“I… well, I don’t know,” said Daniel.
“Of course not,” said Grandfather, “Now it’s getting late, and when it gets dark your father and your brothers and your uncle and your cousin should be coming back from their search for food, dik-dik gods permitting, and you should be asleep.”
But Daniel didn’t sleep that night. He sat awake in his room until he heard Dagon, Dreka, Drama, Dumas and Doobie come home from their search for food. He was happy they all came home safely, but sad that they never let him come along because he was too small. But tonight he would finally go out (though he hoped his family wouldn’t find out) and find something better than food. He would find something scarier than Lions, and Leopards, and Eagles and Snakes and Lizards and even scarier than Man! And he would be its friend, and then all the dik-diks would get to roam the Savanna.
That night, after he was nice and sure his family was asleep, Daniel crept as quietly as he could out of his room, and out of his family’s hole, and past Francois the Friendly Fennec Fox’s hole and all the way up to the surface of the Savanna. And it was beautiful! Those bright things up in the sky must be the Stars that Grandfather had told him about. How they twinkled! And that great big glowing potato up there must be the Moon! It was so very pretty, and so very shiny! And all of those grasses growing on the ground looked so yummy!
Daniel ran. He could run up here! He jumped and he skipped and he hopped! And he ran for a long time, and then he ran some more. Finally he became tired and stopped running. He looked around. He did not see the entrance to his family hole. He was lost! Now he was worried. How would he get home? The Savanna was so much bigger than he thought and so much of it looked the same.
Then he heard a voice behind him. “Daniel!”
Daniel turned around. It was Francois the Fennec Fox.
“Hello, Daniel! What’re you doin’ so far out here, so late? Do your parents know you’re here?”
“I… uh… well, um…” Daniel stammered.
“Takin’ that as a ‘no,'” said Francois, “What were you thinkin’, ya young whippersnapper?”
“I have something I have to do,” said Daniel.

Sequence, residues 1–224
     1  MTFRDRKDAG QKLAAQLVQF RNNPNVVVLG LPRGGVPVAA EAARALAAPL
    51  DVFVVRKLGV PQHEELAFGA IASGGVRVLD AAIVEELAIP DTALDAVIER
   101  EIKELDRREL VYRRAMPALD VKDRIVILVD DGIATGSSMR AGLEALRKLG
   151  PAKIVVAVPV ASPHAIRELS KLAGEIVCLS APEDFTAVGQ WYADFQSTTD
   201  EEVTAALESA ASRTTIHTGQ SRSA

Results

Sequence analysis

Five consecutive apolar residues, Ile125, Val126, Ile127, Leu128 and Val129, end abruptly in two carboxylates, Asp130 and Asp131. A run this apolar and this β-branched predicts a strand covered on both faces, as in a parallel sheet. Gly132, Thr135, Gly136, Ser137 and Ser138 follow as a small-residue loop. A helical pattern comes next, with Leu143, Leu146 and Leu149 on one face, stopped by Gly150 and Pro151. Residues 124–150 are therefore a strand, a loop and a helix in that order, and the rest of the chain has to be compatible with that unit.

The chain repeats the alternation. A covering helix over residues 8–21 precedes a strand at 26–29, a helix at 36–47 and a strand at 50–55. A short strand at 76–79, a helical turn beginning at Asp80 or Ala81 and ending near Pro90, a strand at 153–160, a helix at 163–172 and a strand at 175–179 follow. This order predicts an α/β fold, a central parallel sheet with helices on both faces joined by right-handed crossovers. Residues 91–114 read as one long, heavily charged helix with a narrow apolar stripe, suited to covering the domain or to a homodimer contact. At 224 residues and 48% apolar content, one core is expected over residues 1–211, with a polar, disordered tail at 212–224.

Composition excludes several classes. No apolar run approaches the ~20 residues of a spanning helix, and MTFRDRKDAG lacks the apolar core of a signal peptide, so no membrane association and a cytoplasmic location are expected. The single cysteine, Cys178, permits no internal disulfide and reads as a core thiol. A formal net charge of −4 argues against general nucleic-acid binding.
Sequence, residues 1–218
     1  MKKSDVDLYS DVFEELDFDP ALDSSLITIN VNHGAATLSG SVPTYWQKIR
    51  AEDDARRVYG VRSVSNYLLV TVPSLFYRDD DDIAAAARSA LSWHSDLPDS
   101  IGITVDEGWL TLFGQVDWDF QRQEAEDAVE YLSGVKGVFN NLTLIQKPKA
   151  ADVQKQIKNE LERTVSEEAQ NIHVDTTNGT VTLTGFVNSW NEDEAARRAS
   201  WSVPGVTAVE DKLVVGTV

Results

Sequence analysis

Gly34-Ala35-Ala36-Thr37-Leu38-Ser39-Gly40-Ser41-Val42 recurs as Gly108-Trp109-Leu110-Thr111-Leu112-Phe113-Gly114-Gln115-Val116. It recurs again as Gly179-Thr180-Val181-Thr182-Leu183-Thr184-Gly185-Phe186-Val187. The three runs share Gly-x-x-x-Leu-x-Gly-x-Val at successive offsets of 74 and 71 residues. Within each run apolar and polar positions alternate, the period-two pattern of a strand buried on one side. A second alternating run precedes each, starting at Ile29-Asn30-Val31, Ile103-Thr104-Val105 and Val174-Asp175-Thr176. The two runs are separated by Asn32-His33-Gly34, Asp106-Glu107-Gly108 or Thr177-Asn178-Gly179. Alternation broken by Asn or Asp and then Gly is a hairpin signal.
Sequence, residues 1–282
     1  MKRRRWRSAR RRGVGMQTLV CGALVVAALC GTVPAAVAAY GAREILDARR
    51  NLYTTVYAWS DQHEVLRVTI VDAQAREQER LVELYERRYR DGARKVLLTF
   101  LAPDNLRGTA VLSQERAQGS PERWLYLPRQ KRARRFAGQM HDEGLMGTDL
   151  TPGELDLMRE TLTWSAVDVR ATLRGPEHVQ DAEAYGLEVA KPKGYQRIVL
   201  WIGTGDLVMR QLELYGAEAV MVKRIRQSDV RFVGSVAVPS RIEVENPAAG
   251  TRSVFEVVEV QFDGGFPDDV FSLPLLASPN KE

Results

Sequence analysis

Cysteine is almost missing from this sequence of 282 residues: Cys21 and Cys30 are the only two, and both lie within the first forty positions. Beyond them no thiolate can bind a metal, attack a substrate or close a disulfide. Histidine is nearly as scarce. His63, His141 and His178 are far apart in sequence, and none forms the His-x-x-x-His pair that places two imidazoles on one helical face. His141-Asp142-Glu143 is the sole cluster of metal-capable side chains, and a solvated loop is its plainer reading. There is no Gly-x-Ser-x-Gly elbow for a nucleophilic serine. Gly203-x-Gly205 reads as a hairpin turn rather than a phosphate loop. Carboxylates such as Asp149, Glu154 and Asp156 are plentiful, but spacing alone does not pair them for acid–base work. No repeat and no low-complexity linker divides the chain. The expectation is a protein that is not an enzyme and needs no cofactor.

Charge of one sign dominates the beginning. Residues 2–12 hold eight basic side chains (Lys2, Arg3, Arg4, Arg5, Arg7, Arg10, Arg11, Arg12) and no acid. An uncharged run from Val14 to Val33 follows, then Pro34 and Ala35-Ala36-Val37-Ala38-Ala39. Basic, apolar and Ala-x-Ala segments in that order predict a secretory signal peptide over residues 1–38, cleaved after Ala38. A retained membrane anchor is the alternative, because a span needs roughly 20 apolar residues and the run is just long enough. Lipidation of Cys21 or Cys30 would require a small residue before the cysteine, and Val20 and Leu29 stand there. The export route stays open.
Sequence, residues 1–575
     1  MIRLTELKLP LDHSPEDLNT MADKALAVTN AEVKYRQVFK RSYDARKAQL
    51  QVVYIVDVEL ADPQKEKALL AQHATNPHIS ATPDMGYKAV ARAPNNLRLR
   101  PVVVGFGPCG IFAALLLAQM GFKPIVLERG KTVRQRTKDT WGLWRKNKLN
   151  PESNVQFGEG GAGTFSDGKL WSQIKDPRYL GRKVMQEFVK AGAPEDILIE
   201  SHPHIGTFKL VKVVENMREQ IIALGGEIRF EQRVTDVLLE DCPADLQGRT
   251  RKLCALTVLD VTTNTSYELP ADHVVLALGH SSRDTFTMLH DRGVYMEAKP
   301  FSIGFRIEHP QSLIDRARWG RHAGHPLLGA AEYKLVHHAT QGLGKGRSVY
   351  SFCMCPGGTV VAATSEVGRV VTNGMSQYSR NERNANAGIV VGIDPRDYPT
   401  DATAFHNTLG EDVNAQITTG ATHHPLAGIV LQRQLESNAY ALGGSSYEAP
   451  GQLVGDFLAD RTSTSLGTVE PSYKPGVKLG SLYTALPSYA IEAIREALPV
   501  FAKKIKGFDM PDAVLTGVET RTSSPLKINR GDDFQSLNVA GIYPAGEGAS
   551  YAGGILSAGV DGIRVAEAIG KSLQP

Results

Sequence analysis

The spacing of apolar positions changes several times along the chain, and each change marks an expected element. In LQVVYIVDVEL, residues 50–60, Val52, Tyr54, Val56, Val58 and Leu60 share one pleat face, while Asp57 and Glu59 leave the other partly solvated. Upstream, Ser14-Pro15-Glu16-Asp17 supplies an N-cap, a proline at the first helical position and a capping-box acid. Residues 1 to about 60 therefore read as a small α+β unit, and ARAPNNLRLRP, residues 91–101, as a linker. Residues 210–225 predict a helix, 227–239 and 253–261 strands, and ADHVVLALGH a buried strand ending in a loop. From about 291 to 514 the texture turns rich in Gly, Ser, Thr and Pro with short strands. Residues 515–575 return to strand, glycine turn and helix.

“This late? This far from home? There are baboons and snakes out here!” Francois said, “I have to take you home and tell your parents what you’ve done!”
“But Francois! I have to find my friend!”
“Your friend?” Francois narrowed his foxy little eyes, “What friend is that?”
“I don’t know his name. I don’t know if he’s a he, either, actually. But my friend is a creature more frightening than Man!”
“More frightening than Man?” said Francois, “The elder Fennec Foxes speak of such a creature, a dreadful, furred grey beast whom they name Beshekee. What kind of beast, I don’t know. Maybe a dragon. But Beshekee is only a myth, Daniel. He is just a story the elders tell. He is not real.”
Beshekee! So this being had a name!
“Where is Beshekee?” asked Daniel.
“According to the stories, anywhere he wants to be. Anywhere Man is wicked,” said Francois.
“Isn’t Man wicked everywhere?” asked Daniel.
“So the stories go,” answered Francois, “and they say Beshekee was sent by Man’s God to punish them for perverting His Gifts. But it’s not true.”
“His Gifts? Is Man’s God Shezmu? Why do you think all this isn’t real?” Daniel was very curious as to Francois’ skepticism.
“I am a fox. I live in a foxhole,” said Francois, “My kind are atheists. We don’t believe in Man’s God, nor in the dik-dik gods, nor in Shezmu, nor in Beshekee. But the stories are fun, are they not? Now, I must take you home.”
“But you are a fox! Aren’t you curious? What if Beshekee is real? Wouldn’t you want to find him?” Daniel didn’t want Francois to make him go home before he found Beshekee.
“It’s true I am curious,” said Francois, “But not that curious. If Beshekee were real, he would be worse than Man. He would certainly be worse than foxes and dik-diks. He would probably eat me.”
“But if he didn’t, if you became his friend, he could protect you from Man!”
Though Francois had denied Daniel, the young dik-dik could see a gleam of something in the fox’s eye.
“Though it isn’t possible,” Francois said slowly, “If you did want to befriend Beshekee – and keep in mind, this is only for a laugh, because such a thing could never happen even if he was real, which he isn’t – how would you do it?”
Daniel smiled. He had Francois now!
“I’d need to give him a present. Something very special. Someone as powerful as Beshekee can take whatever he wants, so we’d have to find something he couldn’t get otherwise.”
Cautiously, the fox whispered, “Such a thing would be difficult to find. And we’d have to back before morning, or your parents would gore us both.”
“We certainly would!” said the dik-dik.
“Then,” Francois began carefully, “I might know where we could start. But we must make haste!”
And with that, Francois the Friendly Fennec Fox and Daniel the Dik-Dik began their adventure…
To be continued…